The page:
Students of Class Three and Four of the St. Patrick Roman Catholic School listen attentively as Environmental ealth Assistant Shari, Agard-Birch demonstrates how mosquitoes can breed in a plant pot. From left are Shaquana Harris, Naomi Rogers, Josiah Drakes and Tristan Webster.

Environmental Health Officers have reported overwhelming support for the vector control programme in primary schools that started in January.

This is according to Senior Environmental Health Officer with the Vector Control Unit, Maurice Gaskin, whose team, having visited some 10 primary schools over the past two months, indicated that children “are eager to encourage parents to do the right thing”.

Mr. Gaskin noted that following a return to two primary schools, Good Shepherd  and Belmont Primary, children admitted that they, “looked into plant saucers and freed them of water”,  and  “scrubbed containers of algae to remove any mosquito eggs that were likely to further breed mosquitoes”.

He added that some children even encouraged “mummy and daddy to call the Sanitation Service Authority to collect bulk refuse such as old fridges, stoves and washing machines”, while others have encouraged family members not to excessively wet plants but alternatively to use, ice cubes – a slow irrigation process, which he said, “ensures water does not settle in the plant pot or its saucer.”

He also remarked that teachers felt they learnt “new information” about vectors (mosquitoes and rodents) and their associated diseases and that children would be prepared for the Common Entrance Examination, should any topic on vectors form part of the 11-plus.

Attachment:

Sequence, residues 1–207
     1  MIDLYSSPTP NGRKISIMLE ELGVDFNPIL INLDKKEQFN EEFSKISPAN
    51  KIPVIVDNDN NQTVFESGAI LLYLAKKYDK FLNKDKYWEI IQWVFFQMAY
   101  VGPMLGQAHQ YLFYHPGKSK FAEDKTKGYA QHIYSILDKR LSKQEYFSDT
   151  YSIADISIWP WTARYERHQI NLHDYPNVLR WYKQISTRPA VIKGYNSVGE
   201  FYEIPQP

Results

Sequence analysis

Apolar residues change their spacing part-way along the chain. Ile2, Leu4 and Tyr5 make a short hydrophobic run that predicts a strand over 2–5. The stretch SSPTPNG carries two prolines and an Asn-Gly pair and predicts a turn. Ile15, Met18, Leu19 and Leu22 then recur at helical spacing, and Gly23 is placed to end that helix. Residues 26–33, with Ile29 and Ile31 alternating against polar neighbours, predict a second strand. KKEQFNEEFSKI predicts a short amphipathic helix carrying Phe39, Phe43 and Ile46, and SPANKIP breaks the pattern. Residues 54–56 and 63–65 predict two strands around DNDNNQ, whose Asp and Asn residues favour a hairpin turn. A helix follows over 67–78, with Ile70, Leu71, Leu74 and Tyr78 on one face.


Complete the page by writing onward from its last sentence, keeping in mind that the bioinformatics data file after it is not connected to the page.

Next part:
In addition to the 10 primary schools sensitised, environmental health officers have held two sessions at the Parents Teachers’ Association of one school – the Belmont Primary school, which also received an overwhelming response.

The Vector control programme, aimed at educating students, teachers and auxiliary staff about vectors, diseases and associated dangers will continue next week at two schools.

On Monday, March 2, the team will visit the Eagle Hall Primary School at Small Land, Bridge Gap, at 9:30 a.m. and the St. Cyprian’s Boys’ on Tuesday, March 3 at  Brittons Cross Road at 10:35 a.m.

Environmental health officers will instruct the school population about how to detect the mosquito larvae and eggs and the importance of rodent baiting. Equipment used by the Unit, including the microscope, the black lamp and the fogging machine will also be displayed.

View the most recent Travel Protocols by

Pin It on Pinterest